Me and Earl and the Dying Girl
At the request of his pushy mother, high school hero Greg Gaines befriends fellow student Rachel, who’s recently been diagnosed with leukaemia. Me and Earl and the Dying Girl is Greg’s experience of the awkwardness and “I have no idea what I’m doing” dilemmas of teenage years, and the pains and pleasures of investing in a meaningful friendship.
Like one of the better Woody Allen films, the story is broken into ‘parts’ and narrated by Greg throughout. Greg’s subconscious is so wild, a poster of Wolverine in Rachel’s room talks to him and questions his choice of rhetoric around her. There’s an innocent yet naturally erratic and clumsy characteristic to Greg that is one of the frankest depictions of an adolescent wallflower there’s been since Cameron Frye in Ferris Bueller’s Day Off. He’s reluctant to call anyone a ‘friend’, and so Earl, who Greg has known since they were very young, is merely his ‘co-worker’ in making and recreating films (‘A Sockwork Orange’, Stanley Kubrick’s classic with sock puppets is a personal favourite) and he regards his inseparable friendship with Rachel as ‘doomed’ from the start because of her illness.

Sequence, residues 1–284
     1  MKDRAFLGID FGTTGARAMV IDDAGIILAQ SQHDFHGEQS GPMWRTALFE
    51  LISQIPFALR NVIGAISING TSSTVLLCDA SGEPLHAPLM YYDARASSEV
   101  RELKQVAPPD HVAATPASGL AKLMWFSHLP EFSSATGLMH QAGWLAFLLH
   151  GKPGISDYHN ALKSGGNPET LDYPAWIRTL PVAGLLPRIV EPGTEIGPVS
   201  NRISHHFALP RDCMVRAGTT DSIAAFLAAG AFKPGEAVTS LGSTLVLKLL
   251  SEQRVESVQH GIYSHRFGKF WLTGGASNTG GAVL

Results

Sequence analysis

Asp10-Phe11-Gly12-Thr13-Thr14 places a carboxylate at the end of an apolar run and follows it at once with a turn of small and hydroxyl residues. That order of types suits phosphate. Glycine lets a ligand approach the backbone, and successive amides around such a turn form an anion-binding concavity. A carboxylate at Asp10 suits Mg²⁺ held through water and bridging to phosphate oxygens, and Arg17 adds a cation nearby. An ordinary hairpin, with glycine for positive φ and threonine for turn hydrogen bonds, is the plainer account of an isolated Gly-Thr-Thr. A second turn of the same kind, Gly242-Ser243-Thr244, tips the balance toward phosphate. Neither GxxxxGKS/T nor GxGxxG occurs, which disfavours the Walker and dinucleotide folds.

The film is an admirable example of creativity and originality, such as the interweaving of animation to portray Greg’s imagination and the intimate camerawork. But it’s the diversity of the characters that really anchors the likability of the film: from the hipster history teacher to all the personality types you can think of shown Mean Girls-esque in the school canteen, Greg’s hippy father to Rachel’s alcohol dependent mother, there really is something for everyone to identify with.